I am not bad at observational drawing and when I practice I improve very quickly. Had it been two years of observational drawing with a little painting I would have got a very high A*. But it wasn't. There were collages. Lots and lots and lots of collages. The teacher was especially fond of the type where you stick down on a page lots of different items you feel that relate to you. Equally bad were tasks involving filling an entire page with sketches so that no white paper was showing any more. I hate that stuff, it drives me insane and takes me ages to do. So after putting in more work to art than quite possibly any other subject, I got a B.

Art and music are subjects with chips on their shoulders. They have been around years and have been belittled and derided as soft, worthless and easy subjects since their inception. As a result they are two of the most stressful and talent based subjects you can take.

You want to do a doss subject? Take business studies. It hardly requires brains to do and you can put in bugger all effort and no one will notice. If you put no effort into art, you'll get noticed pretty damn quickly and get booted off the course.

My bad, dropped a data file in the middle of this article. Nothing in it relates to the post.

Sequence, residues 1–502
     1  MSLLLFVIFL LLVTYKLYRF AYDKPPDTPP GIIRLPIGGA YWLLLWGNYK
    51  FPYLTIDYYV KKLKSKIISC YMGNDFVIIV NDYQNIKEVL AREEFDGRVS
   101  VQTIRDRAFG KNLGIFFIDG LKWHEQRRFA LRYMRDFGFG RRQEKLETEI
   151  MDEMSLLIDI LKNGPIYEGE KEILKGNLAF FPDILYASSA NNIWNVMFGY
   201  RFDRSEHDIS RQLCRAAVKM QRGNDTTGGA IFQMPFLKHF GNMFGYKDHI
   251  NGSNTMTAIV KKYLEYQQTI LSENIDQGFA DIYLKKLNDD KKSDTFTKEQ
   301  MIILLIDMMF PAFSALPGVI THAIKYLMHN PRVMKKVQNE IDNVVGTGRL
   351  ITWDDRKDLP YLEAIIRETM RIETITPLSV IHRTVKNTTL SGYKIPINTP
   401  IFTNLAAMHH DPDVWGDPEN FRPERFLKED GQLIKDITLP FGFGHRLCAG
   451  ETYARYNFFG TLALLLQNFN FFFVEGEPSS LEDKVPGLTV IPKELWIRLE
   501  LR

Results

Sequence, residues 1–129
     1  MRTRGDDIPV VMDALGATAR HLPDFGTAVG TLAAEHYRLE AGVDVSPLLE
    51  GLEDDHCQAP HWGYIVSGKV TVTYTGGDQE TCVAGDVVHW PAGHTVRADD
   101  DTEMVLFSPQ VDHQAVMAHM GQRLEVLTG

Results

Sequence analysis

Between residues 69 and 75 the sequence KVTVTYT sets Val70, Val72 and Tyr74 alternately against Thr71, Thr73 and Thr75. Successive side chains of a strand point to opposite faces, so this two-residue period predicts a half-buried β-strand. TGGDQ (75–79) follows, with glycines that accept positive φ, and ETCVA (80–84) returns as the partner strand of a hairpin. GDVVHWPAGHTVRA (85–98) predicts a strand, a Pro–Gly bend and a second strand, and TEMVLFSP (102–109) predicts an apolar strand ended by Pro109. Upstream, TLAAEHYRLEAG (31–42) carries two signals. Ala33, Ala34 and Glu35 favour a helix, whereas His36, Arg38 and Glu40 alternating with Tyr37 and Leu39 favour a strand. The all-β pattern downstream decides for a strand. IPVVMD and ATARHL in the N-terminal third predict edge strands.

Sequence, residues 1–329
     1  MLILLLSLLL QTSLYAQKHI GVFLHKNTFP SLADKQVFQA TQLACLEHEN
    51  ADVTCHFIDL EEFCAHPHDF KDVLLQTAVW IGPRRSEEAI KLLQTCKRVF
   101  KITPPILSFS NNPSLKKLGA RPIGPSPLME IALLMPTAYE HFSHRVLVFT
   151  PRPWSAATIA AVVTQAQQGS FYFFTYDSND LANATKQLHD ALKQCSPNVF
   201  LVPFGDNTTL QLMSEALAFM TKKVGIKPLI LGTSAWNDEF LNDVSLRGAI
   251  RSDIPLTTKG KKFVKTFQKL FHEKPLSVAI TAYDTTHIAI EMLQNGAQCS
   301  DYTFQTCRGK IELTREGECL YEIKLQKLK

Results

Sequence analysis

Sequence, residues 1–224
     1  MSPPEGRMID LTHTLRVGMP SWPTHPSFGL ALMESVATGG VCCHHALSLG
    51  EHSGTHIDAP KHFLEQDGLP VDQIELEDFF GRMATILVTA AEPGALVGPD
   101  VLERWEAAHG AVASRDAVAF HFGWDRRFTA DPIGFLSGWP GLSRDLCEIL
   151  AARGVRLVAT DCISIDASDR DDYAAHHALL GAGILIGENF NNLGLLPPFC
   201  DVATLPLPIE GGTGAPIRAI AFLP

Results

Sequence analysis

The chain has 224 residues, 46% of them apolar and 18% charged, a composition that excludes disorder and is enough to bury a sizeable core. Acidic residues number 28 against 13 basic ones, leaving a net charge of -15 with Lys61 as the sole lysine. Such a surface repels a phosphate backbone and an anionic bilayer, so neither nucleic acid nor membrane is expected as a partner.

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kultist
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#43
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#43
(Original post by Origami Bullets)
Academically, art is a doss subject. However, the sheer amount of work involved makes it anything but a doss subject.
No, it's really not. Something like business is a doss subject because you need no real talent or brains, and you don't need to work really hard to get a decent grade. Art requires a ton of talent AND really hard work to get a decent grade.
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dionysia1